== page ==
We all know the popular tools like ACF, Pods, Meta Box and Toolset. Packages loaded with ‘lots-of-features’ to get the most complicated things done. Since the arrival of pagebuilders which in most cases allow the ‘connection’ to CPT/CF’s, building nice front-end solutions shifted from programming in PHP/HTML/CSS to a more interactive approach for displaying content from any other posttype than just posts and pages.

Basic overview of most tools in the field

For most of us, using a back-end tool for the creation of the needed custom post type and the fields belonging to that post type, is the right approach. The tools offer all the needed functionality and all the convenience to get started after preparing the datastructure needed to build a website.

Simple structures

However, if the needed structure is just straightforward, you might ask yourself if one of the above mentioned back-end tools are necessary. If you would answer that question with a ‘no’, you also say to yourself that some copy/paste of PHP code is needed to get things done. You don’t need to go throught the PHP learning curve to achieve the final result, however, you do have to be very accurate to get it to work the way you want. You will have to create the CPT with all the options needed, define your fields and needed fieldtypes and you might also need some taxonomies.

Not for more complex relational solutions

Might be an idea for the next version over the GenerateWP code generator

GenerateWP might help you

Many years ago I used GenerateWP to edit wp-config.php with some settings to be a little more protected against ‘attacks’ from various sources. GenerateWP has since then grown to a nice code generator for various tasks. Most of them are free, there are however some premium ‘generators’ for more advanced routines. ‘Meta Boxes Generator’ is one of them. Do not confuse the name with the back-end tool Meta Box mentioned above in the tools overview. Although the name ‘Meta Boxes‘ is general within the WordPress system.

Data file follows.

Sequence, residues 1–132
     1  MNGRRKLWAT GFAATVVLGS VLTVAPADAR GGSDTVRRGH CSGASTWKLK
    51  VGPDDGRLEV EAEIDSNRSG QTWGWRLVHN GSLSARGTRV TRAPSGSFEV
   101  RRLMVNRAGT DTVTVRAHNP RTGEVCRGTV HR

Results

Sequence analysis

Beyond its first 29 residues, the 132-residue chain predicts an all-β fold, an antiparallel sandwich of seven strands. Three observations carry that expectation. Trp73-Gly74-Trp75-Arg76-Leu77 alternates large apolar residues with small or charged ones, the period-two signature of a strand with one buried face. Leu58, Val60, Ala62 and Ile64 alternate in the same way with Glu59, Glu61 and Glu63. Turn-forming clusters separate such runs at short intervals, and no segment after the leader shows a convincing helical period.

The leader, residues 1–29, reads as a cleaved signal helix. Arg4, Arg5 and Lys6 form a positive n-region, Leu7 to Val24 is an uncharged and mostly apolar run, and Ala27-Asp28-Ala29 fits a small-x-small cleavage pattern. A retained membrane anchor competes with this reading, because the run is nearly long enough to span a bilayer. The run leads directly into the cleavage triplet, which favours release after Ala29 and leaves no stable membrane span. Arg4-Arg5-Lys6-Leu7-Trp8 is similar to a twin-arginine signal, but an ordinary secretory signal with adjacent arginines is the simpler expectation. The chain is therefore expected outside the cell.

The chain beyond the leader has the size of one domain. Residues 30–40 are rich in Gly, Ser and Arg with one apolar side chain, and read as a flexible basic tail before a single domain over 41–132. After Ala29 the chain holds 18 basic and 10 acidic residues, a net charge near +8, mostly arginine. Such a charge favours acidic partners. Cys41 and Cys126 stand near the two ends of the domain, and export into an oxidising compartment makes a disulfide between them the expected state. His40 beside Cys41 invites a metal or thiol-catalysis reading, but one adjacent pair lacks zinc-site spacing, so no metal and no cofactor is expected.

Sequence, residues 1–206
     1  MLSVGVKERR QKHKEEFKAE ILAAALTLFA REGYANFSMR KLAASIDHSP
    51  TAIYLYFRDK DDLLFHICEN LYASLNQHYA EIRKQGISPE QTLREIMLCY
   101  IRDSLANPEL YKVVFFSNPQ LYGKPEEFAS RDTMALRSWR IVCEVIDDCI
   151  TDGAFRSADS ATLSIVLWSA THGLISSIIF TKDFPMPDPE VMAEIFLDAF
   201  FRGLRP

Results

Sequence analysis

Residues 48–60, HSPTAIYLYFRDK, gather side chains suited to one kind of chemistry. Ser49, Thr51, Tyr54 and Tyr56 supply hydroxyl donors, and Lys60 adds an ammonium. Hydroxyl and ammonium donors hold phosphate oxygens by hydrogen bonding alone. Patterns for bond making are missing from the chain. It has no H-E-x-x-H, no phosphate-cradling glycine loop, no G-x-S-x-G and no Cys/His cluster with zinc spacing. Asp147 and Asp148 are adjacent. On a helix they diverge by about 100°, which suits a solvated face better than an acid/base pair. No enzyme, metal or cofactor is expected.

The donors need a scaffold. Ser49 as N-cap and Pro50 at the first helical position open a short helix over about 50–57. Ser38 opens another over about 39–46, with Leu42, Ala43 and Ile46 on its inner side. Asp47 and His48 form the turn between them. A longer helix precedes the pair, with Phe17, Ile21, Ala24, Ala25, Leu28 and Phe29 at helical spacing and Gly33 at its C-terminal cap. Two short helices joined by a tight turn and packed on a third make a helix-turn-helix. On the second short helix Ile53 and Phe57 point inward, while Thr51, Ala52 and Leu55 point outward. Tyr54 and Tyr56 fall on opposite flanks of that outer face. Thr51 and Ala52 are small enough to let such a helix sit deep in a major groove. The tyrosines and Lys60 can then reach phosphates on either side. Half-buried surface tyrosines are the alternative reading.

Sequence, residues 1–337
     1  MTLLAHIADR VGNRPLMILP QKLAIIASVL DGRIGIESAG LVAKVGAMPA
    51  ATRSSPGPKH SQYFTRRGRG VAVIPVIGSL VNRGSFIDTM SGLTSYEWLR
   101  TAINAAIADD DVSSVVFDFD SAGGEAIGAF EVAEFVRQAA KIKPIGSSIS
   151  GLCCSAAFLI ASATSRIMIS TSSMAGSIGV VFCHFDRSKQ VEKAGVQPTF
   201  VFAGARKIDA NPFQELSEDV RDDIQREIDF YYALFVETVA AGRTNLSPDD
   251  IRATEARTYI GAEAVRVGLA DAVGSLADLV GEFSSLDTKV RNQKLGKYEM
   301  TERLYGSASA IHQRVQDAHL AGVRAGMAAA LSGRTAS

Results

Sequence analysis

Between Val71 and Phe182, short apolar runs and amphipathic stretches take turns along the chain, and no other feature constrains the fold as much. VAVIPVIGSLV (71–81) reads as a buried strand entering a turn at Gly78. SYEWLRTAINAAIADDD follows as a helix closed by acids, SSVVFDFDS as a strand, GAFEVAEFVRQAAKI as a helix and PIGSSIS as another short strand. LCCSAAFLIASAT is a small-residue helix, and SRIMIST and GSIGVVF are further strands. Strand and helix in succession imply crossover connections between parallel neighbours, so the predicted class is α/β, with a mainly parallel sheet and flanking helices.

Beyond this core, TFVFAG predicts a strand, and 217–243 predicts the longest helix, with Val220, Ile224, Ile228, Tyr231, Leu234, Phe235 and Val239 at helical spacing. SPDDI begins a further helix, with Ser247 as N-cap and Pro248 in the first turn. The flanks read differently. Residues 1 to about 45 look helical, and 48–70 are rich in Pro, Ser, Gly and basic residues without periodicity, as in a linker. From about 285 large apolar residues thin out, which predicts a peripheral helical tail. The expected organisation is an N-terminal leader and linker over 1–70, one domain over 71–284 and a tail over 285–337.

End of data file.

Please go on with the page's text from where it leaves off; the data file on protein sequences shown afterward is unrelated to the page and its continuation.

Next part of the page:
Example

Just a while ago I saw a nice blogpost on GenerateWP, which is already nearly 5 years old, but still is relevant for understanding most basic concepts of creating a CPT, some fields and some taxonomies, done by GenerateWP.

If you don’t want to subscribe yet to GenerateWP to make your own data structure, give yourself the time to copy/past all the code from the example into your functions.php on some WordPress test enviroment. It will give you a nice back-end view of what the code has done for you. If you try to read the code a bit, you can modify the parts that you want to change, to let it fit in any application you need to make.

However subscribing to GenerateWP will give you a nice interface to make the right choices and let GenerateWP generate the code for you. If you plan to use it more than just one time, the cheapest model will cost you 10 dollars per month on a yearly basis. If you just make custom solutions only one or twice a year, subscribe for a month, which will cost ‘just’ 25 dollars.